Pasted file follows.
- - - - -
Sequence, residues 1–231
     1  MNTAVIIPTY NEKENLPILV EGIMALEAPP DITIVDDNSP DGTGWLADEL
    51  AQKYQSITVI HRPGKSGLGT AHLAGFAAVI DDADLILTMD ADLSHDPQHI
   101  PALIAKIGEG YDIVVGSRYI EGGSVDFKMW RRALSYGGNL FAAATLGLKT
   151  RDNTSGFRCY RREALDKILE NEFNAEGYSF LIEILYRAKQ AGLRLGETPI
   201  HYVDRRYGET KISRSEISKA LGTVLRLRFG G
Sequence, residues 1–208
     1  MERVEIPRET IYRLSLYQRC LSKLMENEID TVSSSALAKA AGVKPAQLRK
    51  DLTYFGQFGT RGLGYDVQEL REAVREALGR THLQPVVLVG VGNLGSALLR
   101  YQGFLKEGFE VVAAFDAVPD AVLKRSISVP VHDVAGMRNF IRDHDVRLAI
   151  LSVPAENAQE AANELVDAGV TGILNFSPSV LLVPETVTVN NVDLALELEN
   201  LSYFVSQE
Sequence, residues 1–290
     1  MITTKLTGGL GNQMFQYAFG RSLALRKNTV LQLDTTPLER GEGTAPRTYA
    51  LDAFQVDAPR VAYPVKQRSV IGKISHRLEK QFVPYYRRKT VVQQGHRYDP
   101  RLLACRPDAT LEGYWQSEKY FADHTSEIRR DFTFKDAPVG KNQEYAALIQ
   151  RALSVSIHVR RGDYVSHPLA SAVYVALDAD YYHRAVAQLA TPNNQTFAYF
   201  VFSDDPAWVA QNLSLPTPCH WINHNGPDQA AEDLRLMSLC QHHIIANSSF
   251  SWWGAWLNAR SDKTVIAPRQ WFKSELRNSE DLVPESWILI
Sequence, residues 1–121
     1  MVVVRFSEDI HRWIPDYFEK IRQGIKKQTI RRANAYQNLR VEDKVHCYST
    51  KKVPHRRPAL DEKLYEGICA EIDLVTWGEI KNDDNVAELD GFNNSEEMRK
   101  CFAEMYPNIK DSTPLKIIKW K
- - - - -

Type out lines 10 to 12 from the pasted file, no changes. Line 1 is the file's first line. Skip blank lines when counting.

   101  YQGFLKEGFE VVAAFDAVPD AVLKRSISVP VHDVAGMRNF IRDHDVRLAI
   151  LSVPAENAQE AANELVDAGV TGILNFSPSV LLVPETVTVN NVDLALELEN
   201  LSYFVSQE